After I put up a jar of quick pickles I waterbath can dill pickles. I save up cucumbers in my refrigerator until I have enough for several jars of waterbath pickles. I suggest making very simple recipes for canning. I am always disappointed in canning recipes that have tons of ingredients. I usually only use dill and garlic in my waterbath pickles and everyone loves them. When you start adding a bunch of extra stuff, you run the risk of having a lot of jars of stuff that your family dislikes, and then you have “forever” canned food. The ones in the back of your pantry, that you put a ton of time into, but nobody likes them. They stay in the back of your pantry forever, or until you give up and dump the jars.
Another way to preserve cucumbers (or watermelon rind) is cinnamon or vanilla pickles. I’ll post my recipes for those on here soon.
Next is an unusual thing for me (at least here in San Antonio), but that I have experienced in other places I’ve lived, and that is: a massive amount of ripe tomatoes. I do not vine ripen my tomatoes. Even with hardware cloth around my beds, I get field mice (and other rodents) that get into my tomatoes and bite holes in the fruit. I leave the rotting fruit in my beds because the mice tend to eat the ripest fruit (and when they bite into green tomatoes they turn and rapidly ripen). This way the dopey mice can eat the ruined fruit they’ve already bitten into and I go out and harvest anything that is even blushing.
I ripen my tomatoes indoors. Safe from the nasty rodents. If you don’t have this problem: then, yes, absolutely vine ripen your tomatoes. But if you have problems with pests: take tomatoes in at first blush and ripen them on the kitchen counter.
As your ferment sits on the counter it separates. Stir it back up and burp the jars daily. When you get it in the refrigerator, it will stop separating.
I usually have a few types of salsa I’m making. My kids and I like mild salsa, while my husband wants his spicy enough to make tears roll down his cheeks!Fortunately, my husband is a fantastic cook, so I get his peppers, garlic and tomatoes charred and blended and he takes it from there. This year we’re trying to match Pappasito’s salsa (but of course, as my husband likes it: way hotter) So, he’s got charred tomatoes and peppers, garlic, onion, mesquite liquid smoke and a few extra habaneros (because I still didn’t get it hot enough for him.)
I make a probiotic, salsa ferment for mine. I really enjoy fermented salsa. It’s very fresh, and if you only ferment it on the counter for 3 to 5 days and then put it in your refrigerator, it stays fresh and bubbly instead of crossing over into a more homemade “wine like” state. Probiotic salsa looks a lot like Pico de Gallo, but it has a much deeper flavor. I get mine chopped up a bit finer than pico by pulsing it in my food processor.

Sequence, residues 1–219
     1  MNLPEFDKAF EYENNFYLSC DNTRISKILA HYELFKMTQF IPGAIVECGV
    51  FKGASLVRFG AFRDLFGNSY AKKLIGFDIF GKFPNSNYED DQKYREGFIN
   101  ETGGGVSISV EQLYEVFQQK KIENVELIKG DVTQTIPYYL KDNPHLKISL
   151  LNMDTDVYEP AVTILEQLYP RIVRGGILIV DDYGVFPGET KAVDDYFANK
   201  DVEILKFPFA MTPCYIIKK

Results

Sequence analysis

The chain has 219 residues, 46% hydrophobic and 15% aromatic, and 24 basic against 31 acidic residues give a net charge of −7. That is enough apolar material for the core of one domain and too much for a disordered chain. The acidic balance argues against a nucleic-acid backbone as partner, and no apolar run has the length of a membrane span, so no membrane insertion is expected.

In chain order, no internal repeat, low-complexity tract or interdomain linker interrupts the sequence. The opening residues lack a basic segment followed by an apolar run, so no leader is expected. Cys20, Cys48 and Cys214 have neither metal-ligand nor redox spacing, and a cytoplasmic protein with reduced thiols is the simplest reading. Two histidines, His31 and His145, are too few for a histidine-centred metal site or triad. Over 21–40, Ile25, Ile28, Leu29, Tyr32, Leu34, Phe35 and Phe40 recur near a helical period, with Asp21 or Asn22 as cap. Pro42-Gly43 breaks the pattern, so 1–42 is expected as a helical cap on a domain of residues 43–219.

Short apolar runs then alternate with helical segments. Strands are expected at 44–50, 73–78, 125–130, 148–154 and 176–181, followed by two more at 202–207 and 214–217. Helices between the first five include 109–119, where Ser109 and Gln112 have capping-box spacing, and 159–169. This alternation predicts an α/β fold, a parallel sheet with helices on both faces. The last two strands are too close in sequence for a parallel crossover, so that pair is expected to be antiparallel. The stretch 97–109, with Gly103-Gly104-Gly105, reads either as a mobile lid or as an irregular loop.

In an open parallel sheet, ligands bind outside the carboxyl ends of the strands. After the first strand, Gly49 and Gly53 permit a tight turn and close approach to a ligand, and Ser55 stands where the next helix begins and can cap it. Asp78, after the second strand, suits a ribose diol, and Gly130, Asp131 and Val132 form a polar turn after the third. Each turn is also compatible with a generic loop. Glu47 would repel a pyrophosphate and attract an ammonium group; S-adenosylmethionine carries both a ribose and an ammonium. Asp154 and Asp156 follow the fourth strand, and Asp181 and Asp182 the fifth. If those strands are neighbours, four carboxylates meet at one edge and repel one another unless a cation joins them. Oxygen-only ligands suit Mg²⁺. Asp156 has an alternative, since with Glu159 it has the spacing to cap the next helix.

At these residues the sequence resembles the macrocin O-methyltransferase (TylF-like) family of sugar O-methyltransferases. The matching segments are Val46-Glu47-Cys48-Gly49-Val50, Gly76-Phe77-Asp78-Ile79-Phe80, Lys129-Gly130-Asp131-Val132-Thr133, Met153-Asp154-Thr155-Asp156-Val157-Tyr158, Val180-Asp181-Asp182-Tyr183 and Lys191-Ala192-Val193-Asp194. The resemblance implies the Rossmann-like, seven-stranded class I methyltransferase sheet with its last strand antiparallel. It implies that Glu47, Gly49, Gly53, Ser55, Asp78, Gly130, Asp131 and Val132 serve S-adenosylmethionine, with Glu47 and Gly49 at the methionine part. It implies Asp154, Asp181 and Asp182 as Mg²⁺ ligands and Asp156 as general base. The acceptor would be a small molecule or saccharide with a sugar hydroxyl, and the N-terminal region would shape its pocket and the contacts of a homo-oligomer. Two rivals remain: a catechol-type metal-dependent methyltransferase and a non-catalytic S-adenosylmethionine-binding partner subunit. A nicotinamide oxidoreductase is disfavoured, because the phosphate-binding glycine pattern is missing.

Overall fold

Next: canning tomatoes, just plain old tomatoes. You can get a whole lot of food for future use this way. I find that canning with few (or no) spices, allows me to use canned tomatoes for a wide variety of uses.
I also harvest green tomatoes. They don’t always turn red if you get them very green, and really: there’s only so many things you can do with ripe tomatoes. I bread and fry green tomatoes or make green salsa, just to have something different.
Next is okra. Actually, it’s not next, it’s always and forever. If it’s warm (and you’re growing it): you are harvesting okra. Okra has to be harvested daily as the bigger pods are inedible. There’s only a certain size that works and the pods will quickly exceed that size. I have several volunteer okra that I let grow this year and even with 10 to 20 pods coming in every other day I still refrigerate them until I have enough to do something fun with them. Test your okra for edibility by slicing off the tip. If your knife slices through the okra smooth, like butter, it’s edible. If you hear the knife cutting through the fibers it’s too late to use them. (It will make popping sounds.) They are good in refrigerator pickles. They need to be cooked, so you can also waterbath can extra as okra pickles (pickled okra are not slimey), they’re also great breaded and fried. I tend to eat young okra pods right out in my garden. Fresh okra is super tasty! You can also freeze them for soups and you can slice them lengthwise and fry them like French fries, with some homemade dipping sauce.